Many of you may have seen the news again this week concerning allegations that another licensed community association manager misappropriated over $220,000.00 from a condominium association in Hollywood. Click here if you missed it: http://www.local10.com/news/lawsuit-property-manager-embezzled-228000-from-condo-association/32977920
It certainly seems to be a growing problem. Over the last few months I have personally been involved in three significant cases of theft of association funds. In all of the cases, the one common denominator is that the person with check signing authority was involved in the theft.
In one of the cases, there was no management company managing the association. So, the President didn’t have much supervision and helped himself. In another, there was a community association manager working for the association who simply failed to catch the President steal six figures, and in the third one it’s the manager herself who is accused of the wrongdoing.by fleecing the association’s funds by writing checks to a company she owned.
So what are we learning from all this? Apparently, it may not be enough to rely on the community association manager when ensuring that the accounting is accurate and all funds are accounted for. Someone on the Board or perhaps a committee needs to check up on the manager. Next, it’s far easier for a Board member to get away with wrong doing if there is no management company and no interest by anyone else on the Board or in the community in checking up on the Board member in control of the check book. In one of the cases mentioned above, it was my client, a unit owner who was not even on the Board, who uncovered the theft. The other Board members never caught it. I should disclose however that my client actually is a rocket scientist. No joke.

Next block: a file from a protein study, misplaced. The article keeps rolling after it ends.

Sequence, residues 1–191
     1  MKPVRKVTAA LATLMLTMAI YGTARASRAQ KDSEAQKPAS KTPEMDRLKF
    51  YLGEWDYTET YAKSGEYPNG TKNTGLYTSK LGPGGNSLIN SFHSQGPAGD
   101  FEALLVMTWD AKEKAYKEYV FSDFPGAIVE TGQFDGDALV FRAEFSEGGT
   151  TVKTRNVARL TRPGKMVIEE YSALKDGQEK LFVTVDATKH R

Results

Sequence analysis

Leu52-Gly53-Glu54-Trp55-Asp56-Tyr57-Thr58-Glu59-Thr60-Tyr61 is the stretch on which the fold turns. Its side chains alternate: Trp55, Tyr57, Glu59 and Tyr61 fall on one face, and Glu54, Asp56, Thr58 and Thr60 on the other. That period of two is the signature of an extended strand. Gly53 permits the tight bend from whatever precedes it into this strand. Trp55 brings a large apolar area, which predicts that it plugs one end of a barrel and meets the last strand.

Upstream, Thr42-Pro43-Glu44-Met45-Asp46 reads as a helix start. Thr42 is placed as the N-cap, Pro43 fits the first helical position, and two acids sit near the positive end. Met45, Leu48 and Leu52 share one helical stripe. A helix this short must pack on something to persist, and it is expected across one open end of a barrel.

When there’s access to a large amount of money, and little risk of getting caught, because nobody cares about checking the numbers, perhaps the temptation to dip into the till runs high. There’s older examples of Board members who were described as “devoted” and “kind” and “sweet” stealing association funds and losing them in slot machines at the casino. Everyone let their guard down, turned their back and had too much trust in one person. It’s all about having proper checks and balances. So what do you think? Why are some Board members and/or managers suddenly so brave? What percentage of wrongdoing do you think actually gets caught? How do we prevent it?